United States District Court, E.D. North Carolina, Western Division
ORDER OF DETENTION PENDING TRIAL
JAMES E. GATES, Magistrate Judge.
This case came before the court today for hearing on the government's motion, pursuant to 18 U.S.C. § 3142(f), to detain defendant pending trial. The government presented the testimony of a detective with the Cary Police Department. Defendant did not present a third-party custodian or introduce any other evidence, although defense counsel proffered that defendant had turned himself in on the instant charges. The court also reviewed the pretrial services report. After careful consideration pursuant to 18 U.S.C. § 3142(g) of the credible information and argument submitted, and based on the findings and reasons stated below and in open court, the court finds by a preponderance of the evidence that there is no condition or combination of conditions that will reasonably assure defendant's appearance as required, and by clear and convincing evidence that there is no condition or combination of conditions that will reasonably assure the safety of any other person and the community before trial if defendant is released. The government's motion is therefore GRANTED.
Defendant was charged in a four-count indictment on 8 April 2015 with: interstate transportation for prostitution on or about 6 October 2012 in violation of 18 U.S.C. § 2421 (ct. 1); use of the internet to promote prostitution on or about 25 July 2012 (ct. 2) and on or about 28 February 2013 (ct. 3) in violation of 18 U.S.C. § 1952(a)(3); and use of a telephone with the intent to commit a violent crime to further prostitution on or about 10 November 2013 in violation of 18 U.S.C. § 1952(a)(2) (ct. 4). The evidence presented at the hearing showed that the charges arise from defendant's operation of a prostitution business from 2012 to 2015. The business included solicitation of women to serve as prostitutes and solicitation of customers for the prostitutes through the Back Page website. Defendant used threats of violence against the women, actual beatings of them, and provision and withholding of illegal drugs to help control the women, including preventing them from cooperating with law enforcement. In one instance, he threatened to take the three-year-old son of a woman if she stopped working for him. Defendant would "break in" new prostitutes by taking them to Atlanta, where the sexual encounters were reportedly rougher and less lucrative than in North Carolina. The government's evidence includes victim and witness statements, advertisements in and other information from Back Pages, emails from defendant, other electronic data, jail calls by defendant, GPS tracker information, and hotel receipts.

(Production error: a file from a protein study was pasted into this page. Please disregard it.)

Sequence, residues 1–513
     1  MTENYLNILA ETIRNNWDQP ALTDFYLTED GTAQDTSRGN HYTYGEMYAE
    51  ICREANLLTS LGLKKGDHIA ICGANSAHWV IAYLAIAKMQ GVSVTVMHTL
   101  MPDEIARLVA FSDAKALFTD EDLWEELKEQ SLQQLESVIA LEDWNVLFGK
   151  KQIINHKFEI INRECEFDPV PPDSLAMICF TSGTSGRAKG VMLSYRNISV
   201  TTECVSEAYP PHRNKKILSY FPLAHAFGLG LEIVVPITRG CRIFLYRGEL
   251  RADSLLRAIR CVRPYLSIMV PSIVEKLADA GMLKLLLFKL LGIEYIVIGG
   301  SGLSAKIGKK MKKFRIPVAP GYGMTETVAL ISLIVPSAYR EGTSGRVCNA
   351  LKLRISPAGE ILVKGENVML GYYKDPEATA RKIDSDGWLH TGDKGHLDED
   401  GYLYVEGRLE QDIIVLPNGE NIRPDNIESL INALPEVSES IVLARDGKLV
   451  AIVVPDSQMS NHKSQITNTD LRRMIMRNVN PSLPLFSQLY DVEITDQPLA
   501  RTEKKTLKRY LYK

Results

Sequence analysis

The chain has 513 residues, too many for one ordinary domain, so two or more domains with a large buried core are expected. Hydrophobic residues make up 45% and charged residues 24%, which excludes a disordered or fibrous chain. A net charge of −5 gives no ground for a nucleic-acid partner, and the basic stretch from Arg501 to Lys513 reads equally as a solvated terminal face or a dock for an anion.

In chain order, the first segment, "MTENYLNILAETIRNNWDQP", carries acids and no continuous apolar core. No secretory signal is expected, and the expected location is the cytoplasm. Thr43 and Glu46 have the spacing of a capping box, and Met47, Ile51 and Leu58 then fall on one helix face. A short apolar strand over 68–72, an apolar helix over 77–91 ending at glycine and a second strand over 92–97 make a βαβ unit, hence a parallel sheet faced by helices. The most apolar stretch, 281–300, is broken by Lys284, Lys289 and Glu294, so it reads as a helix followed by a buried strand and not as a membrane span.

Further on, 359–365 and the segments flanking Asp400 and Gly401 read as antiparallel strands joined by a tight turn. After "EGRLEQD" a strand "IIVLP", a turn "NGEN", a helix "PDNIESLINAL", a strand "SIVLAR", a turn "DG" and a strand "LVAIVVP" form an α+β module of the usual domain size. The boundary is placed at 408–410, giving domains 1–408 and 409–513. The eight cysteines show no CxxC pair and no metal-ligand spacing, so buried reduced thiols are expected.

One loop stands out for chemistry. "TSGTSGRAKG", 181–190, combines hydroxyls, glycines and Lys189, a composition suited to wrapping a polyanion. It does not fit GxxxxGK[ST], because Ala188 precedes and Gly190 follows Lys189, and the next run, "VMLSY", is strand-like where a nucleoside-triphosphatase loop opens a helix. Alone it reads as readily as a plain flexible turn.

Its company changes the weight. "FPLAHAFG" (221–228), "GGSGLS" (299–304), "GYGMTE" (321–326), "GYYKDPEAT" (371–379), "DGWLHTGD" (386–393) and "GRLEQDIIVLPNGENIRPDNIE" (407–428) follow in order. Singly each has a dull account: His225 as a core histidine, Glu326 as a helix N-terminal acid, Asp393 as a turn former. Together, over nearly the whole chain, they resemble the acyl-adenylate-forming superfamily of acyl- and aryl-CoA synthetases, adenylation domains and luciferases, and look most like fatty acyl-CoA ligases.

The law requires that defendant be detained pending trial based on the following principal findings and reasons: evidence showing that the government has a strong case, including the evidence reviewed above; the violent and abusive nature of the offenses charged; the circumstances of the offenses charged, including the duration of the alleged prostitution business, the large number of prostitutes involved, and the potential sentence defendant faces if convicted; defendant's criminal record, including 1 felony conviction, 16 misdemeanor convictions, probation revocations in 2 cases (including for failure to provide notice of a change in residence), violation of probation in another case by failing to report for jail time, multiple failures to appear, and commission of 6 offenses while on probation; the danger of continued offense conduct and witness intimidation by defendant if released; defendant's marijuana habit; and the other findings and reasons stated in open court.
The court considered evidence offered as mitigating, such as defendant's turning himself in on advice of counsel on the instant charges. It finds, however, that the factors favoring detention strongly outweigh such evidence, including with respect to flight risk, particularly in light of defendant's lack of prior experience with the federal court system.
IT IS THEREFORE ORDERED that defendant is committed to the custody of the Attorney General or his designated representative for confinement in a corrections facility separate, to the extent practicable, from persons awaiting or serving sentences or being held in custody pending appeal. Defendant shall be afforded a reasonable opportunity for private consultation with defense counsel. On order of a court of the United States or on request of an attorney for the government, the person in charge of the corrections ...